After 70 years of construction and maintenance, the organizational hierarchies of the North Atlantic Treaty Organization (NATO) seem established, entrenched, and eternal. Yet, in a twist of irony, NATO has seemingly fallen victim to its own success – with the Soviet threat vanquished in 1991 and the memory of the Cold War rapidly fading, the publics of NATO’s 29 member-states largely take today’s hard-fought peace for granted.
That peace, a result of NATO’s structural integrity, is an abnormal one in the scope of human history. NATO is the longest standing defensive alliance ever, and has expanded its membership as recently as 2017. While its original mission has been fulfilled in deterring Soviet aggression, NATO’s modern existence and operation is more than an institutional hangover from bygone days. With a resurgent Russia making moves in the Sea of Azov, and NATO’s new focus on counterinsurgency and international peacemaking, the alliance’s shifting role across the Atlantic – and Canada’s role within the alliance – is as relevant as it was at the time of its 1949 inception.
NATO’s contemporary structure reflects the ideals of ‘Atlanticism’, or ‘Transatlanticism’; a notion that there are deep civilizational, cultural, and political ties that bind together the people and nations of Europe and those of North America. These twin-destinies will, in theory, form the nexus of global stability by ensuring the inalienable security of the Atlantic zone, and therefore guarantee peaceable commerce and the proliferation of democratic thought therein. When NATO leaders convene in the Brussels headquarters each year, they do so around a circular – or rather, oblong – table, representing the nominal equality of each member in relation to the others. As simple and natural as this arrangement appears, it was not, however, an inevitable one. Indeed, there was much initial dispute about what NATO would look like in application, even after surpassing the hurdle that was getting its founders to agree upon its necessity in the first place.
After the end of the Second World War, American strategists knew that a perpetual commitment to the reconstitution of war-torn Europe bore with it an associated set of political risks, especially when presented before a U.S Senate that was habitually prone to bouts of isolationism. In response to these fears, George Kennan, high-ranking diplomat and author of the 1947 ‘Containment’ doctrine, was one of the first to advocate for the ‘Twin-Pillar’, or ‘Dumbbell’ concept of NATO.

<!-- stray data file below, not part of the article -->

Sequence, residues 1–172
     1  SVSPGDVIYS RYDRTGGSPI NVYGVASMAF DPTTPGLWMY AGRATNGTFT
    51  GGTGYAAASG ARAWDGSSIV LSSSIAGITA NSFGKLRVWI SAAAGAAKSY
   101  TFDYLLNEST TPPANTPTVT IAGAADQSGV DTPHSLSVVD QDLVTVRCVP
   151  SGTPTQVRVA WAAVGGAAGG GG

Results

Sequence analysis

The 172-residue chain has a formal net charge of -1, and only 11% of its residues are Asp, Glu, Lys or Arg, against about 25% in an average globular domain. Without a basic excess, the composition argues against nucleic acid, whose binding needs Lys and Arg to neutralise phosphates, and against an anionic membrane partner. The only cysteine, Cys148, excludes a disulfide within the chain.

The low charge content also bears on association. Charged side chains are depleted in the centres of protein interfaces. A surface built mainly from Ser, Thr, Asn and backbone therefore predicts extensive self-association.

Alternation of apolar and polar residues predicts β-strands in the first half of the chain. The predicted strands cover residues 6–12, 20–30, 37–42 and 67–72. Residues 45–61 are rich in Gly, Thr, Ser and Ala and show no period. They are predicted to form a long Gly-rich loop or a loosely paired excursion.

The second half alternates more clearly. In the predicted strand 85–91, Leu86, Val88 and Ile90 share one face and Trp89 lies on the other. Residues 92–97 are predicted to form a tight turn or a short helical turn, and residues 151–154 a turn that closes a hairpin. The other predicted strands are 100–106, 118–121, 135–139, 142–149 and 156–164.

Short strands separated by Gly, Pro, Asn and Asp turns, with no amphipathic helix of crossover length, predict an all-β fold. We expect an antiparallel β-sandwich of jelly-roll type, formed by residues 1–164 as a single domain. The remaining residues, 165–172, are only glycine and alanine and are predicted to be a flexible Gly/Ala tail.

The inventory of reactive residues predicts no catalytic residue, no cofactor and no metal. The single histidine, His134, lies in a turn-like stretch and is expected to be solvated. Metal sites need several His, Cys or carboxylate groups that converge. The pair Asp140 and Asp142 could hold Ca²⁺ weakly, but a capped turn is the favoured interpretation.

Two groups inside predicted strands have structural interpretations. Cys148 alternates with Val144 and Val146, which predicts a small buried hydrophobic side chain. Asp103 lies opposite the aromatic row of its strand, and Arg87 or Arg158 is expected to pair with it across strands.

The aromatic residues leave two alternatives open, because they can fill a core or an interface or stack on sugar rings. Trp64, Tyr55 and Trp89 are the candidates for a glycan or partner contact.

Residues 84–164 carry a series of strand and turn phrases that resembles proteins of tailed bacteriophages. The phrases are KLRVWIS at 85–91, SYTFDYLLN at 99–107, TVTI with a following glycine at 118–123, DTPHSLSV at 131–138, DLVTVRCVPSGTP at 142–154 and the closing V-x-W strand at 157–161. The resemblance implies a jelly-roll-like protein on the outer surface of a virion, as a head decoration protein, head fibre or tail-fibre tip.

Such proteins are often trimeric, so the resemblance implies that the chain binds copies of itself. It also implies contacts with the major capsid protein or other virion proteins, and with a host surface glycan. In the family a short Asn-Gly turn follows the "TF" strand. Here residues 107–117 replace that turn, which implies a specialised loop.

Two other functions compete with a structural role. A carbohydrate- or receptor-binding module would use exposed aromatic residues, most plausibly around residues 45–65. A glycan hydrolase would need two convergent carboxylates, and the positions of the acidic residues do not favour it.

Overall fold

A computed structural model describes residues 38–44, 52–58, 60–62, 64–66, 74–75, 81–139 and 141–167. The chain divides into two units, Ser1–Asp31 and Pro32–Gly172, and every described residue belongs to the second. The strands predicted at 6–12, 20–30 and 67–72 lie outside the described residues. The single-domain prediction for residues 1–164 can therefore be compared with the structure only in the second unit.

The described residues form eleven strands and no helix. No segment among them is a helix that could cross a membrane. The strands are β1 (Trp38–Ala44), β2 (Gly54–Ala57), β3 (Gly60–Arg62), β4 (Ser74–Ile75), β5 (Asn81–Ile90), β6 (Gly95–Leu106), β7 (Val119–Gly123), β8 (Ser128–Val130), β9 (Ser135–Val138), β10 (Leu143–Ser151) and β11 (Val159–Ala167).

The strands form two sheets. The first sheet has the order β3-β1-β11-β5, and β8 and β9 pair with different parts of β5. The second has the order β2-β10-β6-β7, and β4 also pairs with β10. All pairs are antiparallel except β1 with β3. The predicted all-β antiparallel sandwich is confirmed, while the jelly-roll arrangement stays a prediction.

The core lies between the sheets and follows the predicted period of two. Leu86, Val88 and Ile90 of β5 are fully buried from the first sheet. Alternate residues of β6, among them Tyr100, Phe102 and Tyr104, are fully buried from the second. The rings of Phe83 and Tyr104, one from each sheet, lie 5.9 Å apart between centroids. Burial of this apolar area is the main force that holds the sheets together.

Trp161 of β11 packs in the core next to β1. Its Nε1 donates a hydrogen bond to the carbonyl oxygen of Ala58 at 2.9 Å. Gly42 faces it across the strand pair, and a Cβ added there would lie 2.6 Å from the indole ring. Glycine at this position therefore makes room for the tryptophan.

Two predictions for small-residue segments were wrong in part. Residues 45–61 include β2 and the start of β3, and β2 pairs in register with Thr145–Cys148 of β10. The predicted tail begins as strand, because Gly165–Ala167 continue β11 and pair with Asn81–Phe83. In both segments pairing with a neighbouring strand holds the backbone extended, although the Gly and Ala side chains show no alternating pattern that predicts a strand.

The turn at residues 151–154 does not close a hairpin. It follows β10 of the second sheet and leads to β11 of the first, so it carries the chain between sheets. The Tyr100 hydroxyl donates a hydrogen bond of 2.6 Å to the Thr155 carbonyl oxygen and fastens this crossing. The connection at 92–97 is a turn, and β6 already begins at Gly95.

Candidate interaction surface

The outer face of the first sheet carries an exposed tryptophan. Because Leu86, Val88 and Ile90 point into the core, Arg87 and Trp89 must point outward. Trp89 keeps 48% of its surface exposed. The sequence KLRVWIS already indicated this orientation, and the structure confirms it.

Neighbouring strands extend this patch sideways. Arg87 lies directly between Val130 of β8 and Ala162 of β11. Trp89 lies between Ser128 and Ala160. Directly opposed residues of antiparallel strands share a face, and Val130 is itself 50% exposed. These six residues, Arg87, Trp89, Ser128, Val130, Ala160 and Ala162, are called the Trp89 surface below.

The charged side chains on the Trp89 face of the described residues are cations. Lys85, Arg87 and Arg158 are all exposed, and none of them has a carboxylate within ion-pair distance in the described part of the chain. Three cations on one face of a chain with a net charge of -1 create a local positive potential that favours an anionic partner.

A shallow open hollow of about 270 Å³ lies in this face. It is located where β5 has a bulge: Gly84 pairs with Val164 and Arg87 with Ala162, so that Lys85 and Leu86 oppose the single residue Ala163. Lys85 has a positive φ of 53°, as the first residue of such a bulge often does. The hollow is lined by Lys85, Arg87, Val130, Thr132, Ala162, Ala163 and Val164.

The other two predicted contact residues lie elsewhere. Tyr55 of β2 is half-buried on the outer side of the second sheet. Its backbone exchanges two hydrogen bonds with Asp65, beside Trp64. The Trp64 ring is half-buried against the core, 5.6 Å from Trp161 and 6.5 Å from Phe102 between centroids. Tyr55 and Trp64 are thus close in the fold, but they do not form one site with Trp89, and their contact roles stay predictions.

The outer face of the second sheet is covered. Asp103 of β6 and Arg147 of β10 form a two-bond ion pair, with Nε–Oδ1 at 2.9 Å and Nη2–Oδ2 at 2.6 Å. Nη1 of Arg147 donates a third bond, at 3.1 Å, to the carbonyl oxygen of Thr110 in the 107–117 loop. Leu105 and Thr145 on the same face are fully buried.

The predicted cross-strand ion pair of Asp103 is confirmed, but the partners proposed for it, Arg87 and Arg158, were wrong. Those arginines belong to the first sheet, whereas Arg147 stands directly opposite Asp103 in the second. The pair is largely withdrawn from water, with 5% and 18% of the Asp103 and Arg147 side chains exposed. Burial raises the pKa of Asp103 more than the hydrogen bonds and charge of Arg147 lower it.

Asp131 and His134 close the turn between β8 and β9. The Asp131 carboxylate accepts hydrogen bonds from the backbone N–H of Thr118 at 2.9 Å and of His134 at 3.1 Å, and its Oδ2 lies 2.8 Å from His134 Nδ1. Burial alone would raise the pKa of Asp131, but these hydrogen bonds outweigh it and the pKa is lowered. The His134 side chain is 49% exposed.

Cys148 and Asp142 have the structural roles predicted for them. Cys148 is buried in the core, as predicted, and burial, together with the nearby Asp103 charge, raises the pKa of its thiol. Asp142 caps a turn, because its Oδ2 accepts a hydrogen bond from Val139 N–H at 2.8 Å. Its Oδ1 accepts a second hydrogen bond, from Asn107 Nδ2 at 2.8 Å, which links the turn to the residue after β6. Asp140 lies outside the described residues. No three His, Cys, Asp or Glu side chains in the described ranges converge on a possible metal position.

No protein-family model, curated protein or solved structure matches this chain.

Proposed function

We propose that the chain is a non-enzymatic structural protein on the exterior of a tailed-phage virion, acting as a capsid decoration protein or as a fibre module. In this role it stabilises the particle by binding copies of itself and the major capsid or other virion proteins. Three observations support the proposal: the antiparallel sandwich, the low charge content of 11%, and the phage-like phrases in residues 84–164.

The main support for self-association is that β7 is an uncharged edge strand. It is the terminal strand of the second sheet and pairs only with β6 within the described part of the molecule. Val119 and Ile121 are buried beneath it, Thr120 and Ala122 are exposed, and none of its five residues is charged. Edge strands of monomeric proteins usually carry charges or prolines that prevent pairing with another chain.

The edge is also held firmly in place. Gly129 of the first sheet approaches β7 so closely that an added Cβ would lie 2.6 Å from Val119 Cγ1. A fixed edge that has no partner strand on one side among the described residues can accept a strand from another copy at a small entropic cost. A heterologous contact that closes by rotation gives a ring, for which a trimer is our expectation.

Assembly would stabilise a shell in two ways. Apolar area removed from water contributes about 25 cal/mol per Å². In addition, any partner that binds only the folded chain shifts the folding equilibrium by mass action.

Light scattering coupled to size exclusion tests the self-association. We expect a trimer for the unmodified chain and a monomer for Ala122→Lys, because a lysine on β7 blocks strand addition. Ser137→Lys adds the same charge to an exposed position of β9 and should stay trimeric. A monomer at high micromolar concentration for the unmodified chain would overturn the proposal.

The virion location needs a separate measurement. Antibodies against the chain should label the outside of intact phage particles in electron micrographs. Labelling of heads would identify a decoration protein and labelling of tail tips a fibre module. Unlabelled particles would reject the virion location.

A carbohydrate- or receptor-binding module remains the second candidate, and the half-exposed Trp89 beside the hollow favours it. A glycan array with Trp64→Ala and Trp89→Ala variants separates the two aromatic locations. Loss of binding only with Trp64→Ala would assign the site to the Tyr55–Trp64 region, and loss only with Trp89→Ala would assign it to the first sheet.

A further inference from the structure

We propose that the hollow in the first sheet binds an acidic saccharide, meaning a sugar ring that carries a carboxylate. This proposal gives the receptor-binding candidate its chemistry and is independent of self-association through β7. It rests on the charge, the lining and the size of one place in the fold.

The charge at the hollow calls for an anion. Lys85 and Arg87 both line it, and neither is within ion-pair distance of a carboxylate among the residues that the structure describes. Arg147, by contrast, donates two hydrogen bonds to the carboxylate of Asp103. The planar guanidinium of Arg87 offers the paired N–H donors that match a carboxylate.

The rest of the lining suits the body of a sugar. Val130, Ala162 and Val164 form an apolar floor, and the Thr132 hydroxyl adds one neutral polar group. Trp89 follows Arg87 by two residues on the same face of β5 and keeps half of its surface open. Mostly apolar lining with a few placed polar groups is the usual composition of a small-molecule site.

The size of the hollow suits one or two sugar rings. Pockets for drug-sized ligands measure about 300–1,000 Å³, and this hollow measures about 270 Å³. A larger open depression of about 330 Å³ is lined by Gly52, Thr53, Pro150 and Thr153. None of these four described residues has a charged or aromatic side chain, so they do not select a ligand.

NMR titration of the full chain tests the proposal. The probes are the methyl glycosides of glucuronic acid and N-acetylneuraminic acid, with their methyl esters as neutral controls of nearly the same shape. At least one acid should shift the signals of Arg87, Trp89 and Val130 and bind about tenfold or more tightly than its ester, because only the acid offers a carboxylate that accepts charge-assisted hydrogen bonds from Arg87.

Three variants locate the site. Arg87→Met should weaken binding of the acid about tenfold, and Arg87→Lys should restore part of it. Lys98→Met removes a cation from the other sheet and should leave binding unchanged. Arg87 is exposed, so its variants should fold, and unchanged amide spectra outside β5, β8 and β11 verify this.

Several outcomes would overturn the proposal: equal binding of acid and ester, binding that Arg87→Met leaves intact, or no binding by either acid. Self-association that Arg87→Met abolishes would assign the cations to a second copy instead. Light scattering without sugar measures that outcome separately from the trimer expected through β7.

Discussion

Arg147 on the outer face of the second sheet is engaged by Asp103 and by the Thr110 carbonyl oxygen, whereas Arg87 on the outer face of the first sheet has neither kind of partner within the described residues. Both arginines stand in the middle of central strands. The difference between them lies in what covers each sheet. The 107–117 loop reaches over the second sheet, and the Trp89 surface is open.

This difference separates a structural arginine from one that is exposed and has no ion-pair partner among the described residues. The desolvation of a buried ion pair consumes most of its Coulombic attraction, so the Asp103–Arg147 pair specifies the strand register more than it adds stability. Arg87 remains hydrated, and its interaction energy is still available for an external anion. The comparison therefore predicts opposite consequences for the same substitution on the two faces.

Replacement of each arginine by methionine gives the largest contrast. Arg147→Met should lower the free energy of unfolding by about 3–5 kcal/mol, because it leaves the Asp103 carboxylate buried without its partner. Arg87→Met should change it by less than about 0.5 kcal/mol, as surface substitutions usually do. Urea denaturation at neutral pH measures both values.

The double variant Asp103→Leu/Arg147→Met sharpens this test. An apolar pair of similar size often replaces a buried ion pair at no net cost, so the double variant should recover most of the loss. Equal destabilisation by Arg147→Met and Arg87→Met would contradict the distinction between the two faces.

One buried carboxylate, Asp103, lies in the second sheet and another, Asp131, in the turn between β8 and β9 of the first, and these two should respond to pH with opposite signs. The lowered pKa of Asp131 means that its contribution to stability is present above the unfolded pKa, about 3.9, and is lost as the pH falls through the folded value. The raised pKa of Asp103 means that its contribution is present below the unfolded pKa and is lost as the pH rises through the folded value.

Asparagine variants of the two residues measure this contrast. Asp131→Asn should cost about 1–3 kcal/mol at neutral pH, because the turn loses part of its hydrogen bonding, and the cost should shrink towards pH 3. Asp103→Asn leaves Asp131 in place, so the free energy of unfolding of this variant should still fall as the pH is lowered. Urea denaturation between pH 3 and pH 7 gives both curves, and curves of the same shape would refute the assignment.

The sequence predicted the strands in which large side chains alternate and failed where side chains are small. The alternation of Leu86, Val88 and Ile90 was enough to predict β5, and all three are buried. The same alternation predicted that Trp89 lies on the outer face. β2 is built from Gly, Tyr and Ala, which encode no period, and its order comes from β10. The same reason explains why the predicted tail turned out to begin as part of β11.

This model advances the existence of two strategic ‘pillars’ or ‘weights’ that would exist at either end of a transatlantic dumbbell, connected by a consultory linkage between the two. One such pillar would be formed by the Western Europeans, and the other would be comprised of the North Americans – that is, Canada and the United States. In Kennan’s theory, the sheer weight of American hegemony would roughly ensure equality between the twin-pillars, and in doing so the dumbbell of the alliance was meant to achieve balance and effectiveness. Western European leaders would be free to independently assess their security needs, and after negotiation, the Americans and Canadians would gracefully come to their aid. Yet, evidently, the contemporary NATO looks nothing like the vaunted dumbbell. So why did this continental model never come to fruition?
European leaders fretted that an American end of the dumbbell meant the U.S military would be stationed in North America, separated from Europe by the vast expanses of the Atlantic Ocean, and therefore distant from the frontlines of the Soviet menace in Germany. In the event of a Soviet invasion, the Europeans needed to know that the Americans had an unwavering and personal stake in joint protection.
Even on the North American end, Canada vehemently dissented to the idea of the dumbbell, viewing the notion of a ‘North American’ community as one imposed on them by European aspirations and conceptualizations of their own polities. If Ottawa had to share decision-making responsibility with Washington, it would inevitably be crowded out in any discussions to be had with Brussels, and the Canadian perspective would invariably be lost. For these reasons, Canada viewed it as necessary that NATO would not be the result of bicontinental cooperation, but rather the synthesis of each member-states’ commitments to every other member-state within the alliance.
The Canadian view of collective security ultimately won out in 1949, and has informed the shape and structure of NATO today – but Canada’s fears of the dumbbell are not entirely dead and buried yet. Should the process of European integration take on an armed “security and defence identity” that provides for its own self-defence on the continent, then Canada, as the only “mid-size non-European member”, could suffer a heavily reduced role in future NATO negotiations. The natural gravities of an armed European project on the one end, with the continued predominance of the United States on the other, might yet find Canada the loser in any potential reversion to the ‘Dumbbell’ schematic of NATO.
Featured Image: Visualizing the two ends of NATO’s dumbbell – one in North America and the other in Europe. Graphic produced internally.
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